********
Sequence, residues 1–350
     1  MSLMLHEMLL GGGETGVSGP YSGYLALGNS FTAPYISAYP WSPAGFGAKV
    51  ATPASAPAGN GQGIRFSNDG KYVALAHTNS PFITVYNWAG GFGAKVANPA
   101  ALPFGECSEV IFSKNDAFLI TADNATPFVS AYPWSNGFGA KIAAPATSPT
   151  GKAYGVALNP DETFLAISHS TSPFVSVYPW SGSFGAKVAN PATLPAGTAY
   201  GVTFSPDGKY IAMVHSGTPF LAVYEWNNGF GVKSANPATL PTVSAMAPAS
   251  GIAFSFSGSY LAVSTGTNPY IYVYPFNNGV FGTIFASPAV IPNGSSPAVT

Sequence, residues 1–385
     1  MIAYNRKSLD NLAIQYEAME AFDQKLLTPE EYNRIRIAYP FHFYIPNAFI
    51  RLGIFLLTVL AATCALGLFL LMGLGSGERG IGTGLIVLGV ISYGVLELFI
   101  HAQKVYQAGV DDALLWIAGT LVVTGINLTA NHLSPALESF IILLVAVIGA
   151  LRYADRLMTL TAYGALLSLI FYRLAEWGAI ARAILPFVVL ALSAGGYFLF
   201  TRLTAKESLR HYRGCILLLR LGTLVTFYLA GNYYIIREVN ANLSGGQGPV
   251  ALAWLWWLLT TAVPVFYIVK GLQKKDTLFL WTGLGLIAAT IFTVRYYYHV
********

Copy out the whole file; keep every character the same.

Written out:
Sequence, residues 1–350
     1  MSLMLHEMLL GGGETGVSGP YSGYLALGNS FTAPYISAYP WSPAGFGAKV
    51  ATPASAPAGN GQGIRFSNDG KYVALAHTNS PFITVYNWAG GFGAKVANPA
   101  ALPFGECSEV IFSKNDAFLI TADNATPFVS AYPWSNGFGA KIAAPATSPT
   151  GKAYGVALNP DETFLAISHS TSPFVSVYPW SGSFGAKVAN PATLPAGTAY
   201  GVTFSPDGKY IAMVHSGTPF LAVYEWNNGF GVKSANPATL PTVSAMAPAS
   251  GIAFSFSGSY LAVSTGTNPY IYVYPFNNGV FGTIFASPAV IPNGSSPAVT

Sequence, residues 1–385
     1  MIAYNRKSLD NLAIQYEAME AFDQKLLTPE EYNRIRIAYP FHFYIPNAFI
    51  RLGIFLLTVL AATCALGLFL LMGLGSGERG IGTGLIVLGV ISYGVLELFI
   101  HAQKVYQAGV DDALLWIAGT LVVTGINLTA NHLSPALESF IILLVAVIGA
   151  LRYADRLMTL TAYGALLSLI FYRLAEWGAI ARAILPFVVL ALSAGGYFLF
   201  TRLTAKESLR HYRGCILLLR LGTLVTFYLA GNYYIIREVN ANLSGGQGPV
   251  ALAWLWWLLT TAVPVFYIVK GLQKKDTLFL WTGLGLIAAT IFTVRYYYHV